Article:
The Streaming Option

    Of course, cord cutting is a phenomenon that continues to have ripple effects. According to a recent GfK Consumer Life study, 26% of Americans have used a streaming device in the past 30 days (e.g. Roku, Amazon Firestick, etc.) – this rises to 36% among Millennials).  And new players will be offering their own streaming services soon – including Apple, Disney, and AT&T – which means that viewers will have even more choices to pass on traditional TV/cable options. However, with more to choose from, consumers might find it difficult to select the best option for them.  And if the cost is not right – we don’t know yet what pricing plans will look like (especially for newer, more a la carte-type packages) – then reverting back to traditional TV programming, or simply not subscribing to any service at all, might be the more viable scenario. In fact, even today, many TV streaming packages are starting at a monthly $40-$50 range – but that is typically with limited channel availability (i.e., tack on more dollars for upgrades), plus the cost of monthly Internet service – and consumers quickly approach a similar $100-type bundled package that traditional cable companies currently offer. Moreover, traditional TV still has the backing of being the ‘go-to’ for live events – for example, only 2.5 million viewers streamed this year’s Super Bowl (accounting for just ~2% of all viewers) – so we still have a long way to go before those numbers start matching traditional TV viewership.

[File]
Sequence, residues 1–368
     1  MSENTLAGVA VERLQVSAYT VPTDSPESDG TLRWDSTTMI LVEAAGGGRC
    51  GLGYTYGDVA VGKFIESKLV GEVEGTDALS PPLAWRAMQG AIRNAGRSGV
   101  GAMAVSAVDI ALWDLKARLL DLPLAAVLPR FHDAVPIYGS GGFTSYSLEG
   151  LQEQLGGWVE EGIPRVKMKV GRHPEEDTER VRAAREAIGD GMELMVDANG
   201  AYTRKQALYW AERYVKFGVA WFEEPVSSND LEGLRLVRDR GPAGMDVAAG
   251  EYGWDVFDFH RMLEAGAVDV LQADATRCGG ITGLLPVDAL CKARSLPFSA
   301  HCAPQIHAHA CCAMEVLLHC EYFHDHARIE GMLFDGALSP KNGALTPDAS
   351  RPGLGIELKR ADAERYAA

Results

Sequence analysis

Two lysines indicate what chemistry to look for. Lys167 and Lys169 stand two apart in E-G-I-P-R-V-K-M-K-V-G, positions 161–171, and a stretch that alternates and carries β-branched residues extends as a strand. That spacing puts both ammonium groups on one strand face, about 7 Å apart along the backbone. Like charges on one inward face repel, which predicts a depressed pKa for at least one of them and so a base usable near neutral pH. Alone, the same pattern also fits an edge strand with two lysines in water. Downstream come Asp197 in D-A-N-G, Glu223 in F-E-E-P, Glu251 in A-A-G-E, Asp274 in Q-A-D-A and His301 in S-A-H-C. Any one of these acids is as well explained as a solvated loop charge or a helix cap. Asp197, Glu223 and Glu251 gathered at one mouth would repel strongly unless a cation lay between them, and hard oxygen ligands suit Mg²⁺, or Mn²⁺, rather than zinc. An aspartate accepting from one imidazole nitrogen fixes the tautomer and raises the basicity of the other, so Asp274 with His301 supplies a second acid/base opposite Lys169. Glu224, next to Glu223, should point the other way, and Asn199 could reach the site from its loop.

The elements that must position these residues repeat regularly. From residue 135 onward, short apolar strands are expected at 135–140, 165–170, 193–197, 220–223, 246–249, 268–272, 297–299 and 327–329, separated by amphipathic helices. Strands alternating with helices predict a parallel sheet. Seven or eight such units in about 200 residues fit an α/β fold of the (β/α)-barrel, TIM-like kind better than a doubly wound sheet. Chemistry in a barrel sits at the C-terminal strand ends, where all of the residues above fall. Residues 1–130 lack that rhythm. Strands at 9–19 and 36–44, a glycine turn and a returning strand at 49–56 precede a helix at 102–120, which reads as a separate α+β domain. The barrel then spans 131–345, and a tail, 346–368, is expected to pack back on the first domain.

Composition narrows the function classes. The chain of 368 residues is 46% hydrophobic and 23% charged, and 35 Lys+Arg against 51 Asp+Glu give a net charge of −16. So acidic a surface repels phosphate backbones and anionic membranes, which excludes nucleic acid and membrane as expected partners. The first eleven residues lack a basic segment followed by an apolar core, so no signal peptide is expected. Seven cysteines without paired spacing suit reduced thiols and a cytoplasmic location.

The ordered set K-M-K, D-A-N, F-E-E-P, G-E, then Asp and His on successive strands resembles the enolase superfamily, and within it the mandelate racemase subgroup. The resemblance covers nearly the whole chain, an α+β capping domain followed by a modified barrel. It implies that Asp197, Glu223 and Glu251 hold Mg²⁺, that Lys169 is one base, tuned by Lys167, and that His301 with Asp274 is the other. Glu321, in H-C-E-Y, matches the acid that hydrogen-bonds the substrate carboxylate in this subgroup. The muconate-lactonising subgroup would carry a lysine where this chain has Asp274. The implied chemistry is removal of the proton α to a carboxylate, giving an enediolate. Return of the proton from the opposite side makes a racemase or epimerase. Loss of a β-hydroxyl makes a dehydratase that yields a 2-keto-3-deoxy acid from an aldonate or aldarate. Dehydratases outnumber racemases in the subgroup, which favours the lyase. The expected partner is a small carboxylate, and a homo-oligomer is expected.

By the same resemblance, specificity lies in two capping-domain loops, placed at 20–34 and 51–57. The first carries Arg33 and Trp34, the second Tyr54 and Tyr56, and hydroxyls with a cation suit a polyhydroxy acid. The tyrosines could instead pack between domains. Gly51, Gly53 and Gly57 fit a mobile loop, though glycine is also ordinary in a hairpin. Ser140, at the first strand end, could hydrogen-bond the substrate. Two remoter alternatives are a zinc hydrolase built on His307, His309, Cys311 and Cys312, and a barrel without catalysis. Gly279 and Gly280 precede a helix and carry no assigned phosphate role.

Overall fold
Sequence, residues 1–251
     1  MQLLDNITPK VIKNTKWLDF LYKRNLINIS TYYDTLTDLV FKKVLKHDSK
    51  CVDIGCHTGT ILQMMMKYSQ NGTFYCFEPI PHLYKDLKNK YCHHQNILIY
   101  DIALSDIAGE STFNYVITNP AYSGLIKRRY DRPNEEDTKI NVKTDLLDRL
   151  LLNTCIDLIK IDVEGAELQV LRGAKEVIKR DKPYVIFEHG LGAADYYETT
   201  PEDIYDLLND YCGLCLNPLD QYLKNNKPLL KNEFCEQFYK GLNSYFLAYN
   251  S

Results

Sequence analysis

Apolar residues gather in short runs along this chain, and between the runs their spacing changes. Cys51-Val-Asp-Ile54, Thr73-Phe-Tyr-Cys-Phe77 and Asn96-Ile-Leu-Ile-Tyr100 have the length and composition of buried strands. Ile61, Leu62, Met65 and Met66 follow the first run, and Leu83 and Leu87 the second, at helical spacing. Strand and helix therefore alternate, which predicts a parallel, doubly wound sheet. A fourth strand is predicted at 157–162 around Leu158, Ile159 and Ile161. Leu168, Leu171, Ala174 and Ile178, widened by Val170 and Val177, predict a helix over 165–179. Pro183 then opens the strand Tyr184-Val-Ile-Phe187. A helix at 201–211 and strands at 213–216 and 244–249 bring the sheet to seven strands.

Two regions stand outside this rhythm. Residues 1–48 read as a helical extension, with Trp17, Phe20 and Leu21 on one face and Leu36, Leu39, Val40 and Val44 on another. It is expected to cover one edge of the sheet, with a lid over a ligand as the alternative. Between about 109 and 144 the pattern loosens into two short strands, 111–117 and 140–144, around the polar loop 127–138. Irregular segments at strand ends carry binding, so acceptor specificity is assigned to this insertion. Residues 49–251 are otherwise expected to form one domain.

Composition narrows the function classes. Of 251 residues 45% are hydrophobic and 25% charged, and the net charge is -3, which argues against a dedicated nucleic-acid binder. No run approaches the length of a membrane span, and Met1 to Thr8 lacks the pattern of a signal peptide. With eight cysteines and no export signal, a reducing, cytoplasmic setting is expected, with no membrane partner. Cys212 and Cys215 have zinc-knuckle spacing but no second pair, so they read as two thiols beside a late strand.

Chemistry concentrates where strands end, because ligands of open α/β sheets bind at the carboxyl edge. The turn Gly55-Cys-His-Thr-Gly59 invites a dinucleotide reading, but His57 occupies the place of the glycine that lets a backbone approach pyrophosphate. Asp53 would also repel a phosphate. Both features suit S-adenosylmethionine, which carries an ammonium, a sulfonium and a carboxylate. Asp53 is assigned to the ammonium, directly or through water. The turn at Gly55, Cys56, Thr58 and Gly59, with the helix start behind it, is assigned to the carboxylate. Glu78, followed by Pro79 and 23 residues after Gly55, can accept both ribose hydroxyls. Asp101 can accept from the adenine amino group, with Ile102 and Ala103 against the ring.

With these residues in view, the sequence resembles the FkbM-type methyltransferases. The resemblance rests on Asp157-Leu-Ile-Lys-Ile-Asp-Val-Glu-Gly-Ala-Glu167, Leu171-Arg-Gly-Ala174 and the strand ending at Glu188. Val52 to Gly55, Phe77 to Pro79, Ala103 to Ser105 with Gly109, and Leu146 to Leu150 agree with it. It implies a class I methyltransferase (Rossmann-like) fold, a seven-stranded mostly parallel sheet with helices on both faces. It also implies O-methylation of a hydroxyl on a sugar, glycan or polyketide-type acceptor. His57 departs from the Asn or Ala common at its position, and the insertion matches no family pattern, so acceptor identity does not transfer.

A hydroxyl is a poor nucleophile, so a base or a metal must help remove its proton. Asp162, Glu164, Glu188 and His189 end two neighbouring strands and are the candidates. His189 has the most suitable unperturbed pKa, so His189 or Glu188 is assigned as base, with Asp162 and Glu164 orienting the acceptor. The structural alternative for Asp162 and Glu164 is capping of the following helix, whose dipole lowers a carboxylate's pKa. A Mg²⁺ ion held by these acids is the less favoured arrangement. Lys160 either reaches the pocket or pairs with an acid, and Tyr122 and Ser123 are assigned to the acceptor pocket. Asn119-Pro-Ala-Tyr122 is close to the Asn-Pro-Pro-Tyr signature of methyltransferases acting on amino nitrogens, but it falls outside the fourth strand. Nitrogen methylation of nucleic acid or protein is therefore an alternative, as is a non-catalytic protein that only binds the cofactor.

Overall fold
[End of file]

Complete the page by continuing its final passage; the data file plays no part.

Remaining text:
Everything Is More Niche

    Forty-seven percent of Americans have binge-watched more than three episodes of content in one sitting more often than last year. Ultimately, with media fragmentation (and the many different types of content to choose from), viewers are picking and choosing what types of programming they want to consume (and not just ‘what types’ but ‘when’). According to MRI, 47% of Americans have binge-watched (i.e. 3+ episodes of content in one sitting) ‘at the same amount or more often than last year’ (55% for Millennials). This of course goes completely against the traditional next day, ‘water-cooler’-type conversations (e.g. “Did you see what happened there last night?” “No I’m still not caught up, so don’t spoil it…let’s talk about it again in a few days/weeks/months/etc.”) And marketers are not only fighting to get in front of consumers’ eyes, but their ears too. Podcasts have certainly picked up steam and are catering to all sorts of audiences with niche-type interests (Hollywood is getting in on the act too). MRI data shows that 14% of Millennials have downloaded or listened to a podcast in the past 30 days (+6 pts already just since 2016, and +5 pts from all Americans).

    What’s Left in the Mass Market?

    While perhaps not drawing the same audience metrics as they used to, large “must-see” events such as awards shows continue to exist in today’s world of TV programming (reaching tens of millions of consumers all-at-once is still quite the opportunity).  And though viewers are probably more fragmented themselves than ever – based on demographics, interests, and aspirations – there are some constant themes that seem to resonate with most everyone. GfK Consumer Life lists the following as the top advertising themes that Americans prefer: those that humorous, those that are optimistic, and those that represent giving to others. Notably, this top three list remains relatively the same regardless of age or gender (among other demographics such as political leaning). Marketers seem to have taken note, as these narratives were commonplace in recent spots from the big live events (e.g. Super Bowl ads such as Audi’s “Cashew” spot or Microsoft’s “We All Win”). Types of advertising themes Americans prefer. Source: GfK Consumer Life